Tag Archives: Fawkner

Memorials to a murderer

To make it clear about the moral character of John Batman, his neighbour, the colonial landscape painter John Glover, described him as “a rogue, thief, cheat and liar, a murderer of blacks and the vilest man I have ever known”. Even Batman’s wife did not stand by the evil, syphilitic, alcoholic man who claimed to have bought the land where Melbourne now stands for a few axes and bags of flour.

John Batman Memorial at Fawkner Cemetery

So how many statues and memorials does Melbourne need to this awful man? How many places, parks and railway stations need to be named after him? Melbourne had over half a dozen, but fortunately, that number has been lowered. A statue of Batman on Collins Street was removed for construction purposes in 2016. Batman Park in Northcote has been renamed Gumbri Park, but there is still a Batman Park in the CBD. The Australian Electoral Commission renamed the inner-city federal seat of Batman in honour of Indigenous rights campaigner William Cooper. Batman train station and two obelisks, one at Fawkner Cemetery and another at Queen Victoria Market, remains.

In 2020 I made a formal complaint about having a memorial to a genocidal criminal in the City of Melbourne. I was informed that: “it is currently being considered in the context of the Queen Victoria Market site. The memorial is an existing feature of the space, and its future will be considered as part of the overall design process. Close consultation with the relevant Traditional Owner groups and descendants of the Batman family is currently being undertaken.” The ongoing consultations have gone nowhere. The inadequate explanation of Batman on the memorial is barely an acknowledgement. The City of Melbourne should return this lump of stone to an Indigenous artist Mandy Nicholson, who carves impressive petroglyphs.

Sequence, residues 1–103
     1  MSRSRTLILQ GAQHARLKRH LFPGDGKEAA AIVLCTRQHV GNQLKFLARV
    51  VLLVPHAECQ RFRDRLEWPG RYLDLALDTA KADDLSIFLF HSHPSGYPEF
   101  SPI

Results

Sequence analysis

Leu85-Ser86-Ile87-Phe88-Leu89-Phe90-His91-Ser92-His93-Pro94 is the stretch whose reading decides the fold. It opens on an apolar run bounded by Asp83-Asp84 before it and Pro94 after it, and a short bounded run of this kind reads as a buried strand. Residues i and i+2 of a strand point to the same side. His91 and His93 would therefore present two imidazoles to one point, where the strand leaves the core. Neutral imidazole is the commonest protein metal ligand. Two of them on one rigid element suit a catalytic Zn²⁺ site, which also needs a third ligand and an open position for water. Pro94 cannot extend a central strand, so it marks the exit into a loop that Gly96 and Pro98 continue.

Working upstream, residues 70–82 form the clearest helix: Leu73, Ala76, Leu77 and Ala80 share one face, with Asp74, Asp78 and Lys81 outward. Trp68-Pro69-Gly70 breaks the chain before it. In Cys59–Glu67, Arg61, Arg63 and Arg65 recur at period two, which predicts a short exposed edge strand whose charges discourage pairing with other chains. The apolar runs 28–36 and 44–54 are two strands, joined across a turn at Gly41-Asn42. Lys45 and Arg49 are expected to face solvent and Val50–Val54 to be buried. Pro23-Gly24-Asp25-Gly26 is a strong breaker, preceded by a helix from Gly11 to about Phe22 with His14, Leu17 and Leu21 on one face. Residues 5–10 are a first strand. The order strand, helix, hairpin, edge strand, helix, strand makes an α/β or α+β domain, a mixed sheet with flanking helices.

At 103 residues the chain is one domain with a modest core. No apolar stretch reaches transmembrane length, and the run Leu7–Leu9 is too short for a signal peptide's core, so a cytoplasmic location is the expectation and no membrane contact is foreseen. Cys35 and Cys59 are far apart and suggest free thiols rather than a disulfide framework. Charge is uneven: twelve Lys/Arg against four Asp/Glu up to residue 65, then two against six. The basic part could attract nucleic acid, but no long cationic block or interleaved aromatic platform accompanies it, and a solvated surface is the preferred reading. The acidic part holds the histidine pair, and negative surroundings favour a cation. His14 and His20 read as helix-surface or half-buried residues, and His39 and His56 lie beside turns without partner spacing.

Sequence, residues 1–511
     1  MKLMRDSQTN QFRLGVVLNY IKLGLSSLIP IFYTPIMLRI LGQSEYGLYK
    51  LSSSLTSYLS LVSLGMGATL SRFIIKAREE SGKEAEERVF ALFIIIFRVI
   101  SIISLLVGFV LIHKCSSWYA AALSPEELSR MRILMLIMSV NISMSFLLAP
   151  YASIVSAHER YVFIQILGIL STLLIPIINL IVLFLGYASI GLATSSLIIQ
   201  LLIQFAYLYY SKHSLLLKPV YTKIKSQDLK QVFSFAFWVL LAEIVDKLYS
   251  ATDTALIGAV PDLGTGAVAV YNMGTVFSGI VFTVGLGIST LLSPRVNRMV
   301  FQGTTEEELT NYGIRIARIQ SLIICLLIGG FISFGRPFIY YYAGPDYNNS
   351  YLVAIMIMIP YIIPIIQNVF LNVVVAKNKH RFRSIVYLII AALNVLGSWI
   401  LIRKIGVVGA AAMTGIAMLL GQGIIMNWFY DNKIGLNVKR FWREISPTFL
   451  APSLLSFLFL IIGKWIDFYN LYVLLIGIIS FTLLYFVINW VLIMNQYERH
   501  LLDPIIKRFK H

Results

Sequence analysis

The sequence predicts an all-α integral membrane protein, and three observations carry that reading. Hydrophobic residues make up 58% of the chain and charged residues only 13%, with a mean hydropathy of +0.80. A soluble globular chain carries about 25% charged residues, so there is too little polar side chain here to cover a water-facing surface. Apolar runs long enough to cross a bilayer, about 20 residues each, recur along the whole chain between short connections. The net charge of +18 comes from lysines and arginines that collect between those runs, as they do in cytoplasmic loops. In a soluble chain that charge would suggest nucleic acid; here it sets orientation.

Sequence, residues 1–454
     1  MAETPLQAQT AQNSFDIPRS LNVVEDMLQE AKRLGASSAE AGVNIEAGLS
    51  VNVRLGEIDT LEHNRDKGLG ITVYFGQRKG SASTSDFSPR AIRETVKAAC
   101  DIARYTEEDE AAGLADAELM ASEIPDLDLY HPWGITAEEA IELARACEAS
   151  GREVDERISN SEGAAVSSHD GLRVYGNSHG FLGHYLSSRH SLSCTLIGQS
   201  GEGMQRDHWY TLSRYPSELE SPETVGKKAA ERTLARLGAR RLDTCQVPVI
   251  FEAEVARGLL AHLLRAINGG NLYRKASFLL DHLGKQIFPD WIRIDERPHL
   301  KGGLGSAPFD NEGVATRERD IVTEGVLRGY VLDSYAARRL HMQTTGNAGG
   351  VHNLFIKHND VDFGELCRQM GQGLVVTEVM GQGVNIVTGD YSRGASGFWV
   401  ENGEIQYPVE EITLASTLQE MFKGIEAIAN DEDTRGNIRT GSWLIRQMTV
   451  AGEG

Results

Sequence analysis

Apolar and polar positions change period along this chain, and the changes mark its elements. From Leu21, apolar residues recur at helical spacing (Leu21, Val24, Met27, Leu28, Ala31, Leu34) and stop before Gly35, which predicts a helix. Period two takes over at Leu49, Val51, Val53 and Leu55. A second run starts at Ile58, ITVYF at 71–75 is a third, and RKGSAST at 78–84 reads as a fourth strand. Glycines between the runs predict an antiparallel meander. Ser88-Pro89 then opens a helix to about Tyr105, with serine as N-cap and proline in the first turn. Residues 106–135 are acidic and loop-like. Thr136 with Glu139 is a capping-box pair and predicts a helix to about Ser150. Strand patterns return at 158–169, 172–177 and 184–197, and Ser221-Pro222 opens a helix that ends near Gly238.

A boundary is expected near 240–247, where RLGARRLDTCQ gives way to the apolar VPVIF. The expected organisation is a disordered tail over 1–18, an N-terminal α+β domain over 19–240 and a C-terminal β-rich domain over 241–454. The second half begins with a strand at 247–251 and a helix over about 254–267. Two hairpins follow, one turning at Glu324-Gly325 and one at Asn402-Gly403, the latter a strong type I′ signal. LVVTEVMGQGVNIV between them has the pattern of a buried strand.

Thanks to Jo Waite for pointing out the historic photograph of the Batman memorial at Fawkner Cemetery. Melbourne City Councillors in top hats and frock coats standing next to a new obelisk. I rode my bicycle north along the Upfield railway line to see for myself. I found it easily enough, it stands several metres tall in the flat lawn cemetery. It is amongst the old gravestones removed from the old Melbourne cemetery to make way for the Melbourne market (“money before decency” is the Australian motto). The isolated memorial in the lawn cemetery is the most recent of memorials to Batman. It was constructed in 1922, about the same time as many of the Confederate monuments in the USA. A time of international uncertainty, where monuments were designed to cement traditional views in the civic infrastructure.

As few cars were around and the weather was pleasant, I decided to bicycle back on a different route. It was then that I became lost in the vast cemetery, and some panic set in. Why was I putting in this energy to trace the surface archeology of Australian colonialism? Speaking ill of the dead in a place created to commemorate them. Eventually, I found another exit from the graveyard. Like the cemetery map, the network of institutional racism needs to be recognised from the colonial origins to the present. As the Batman memorial at Queen Victoria Market says circumspice, Latin meaning “You must look around”.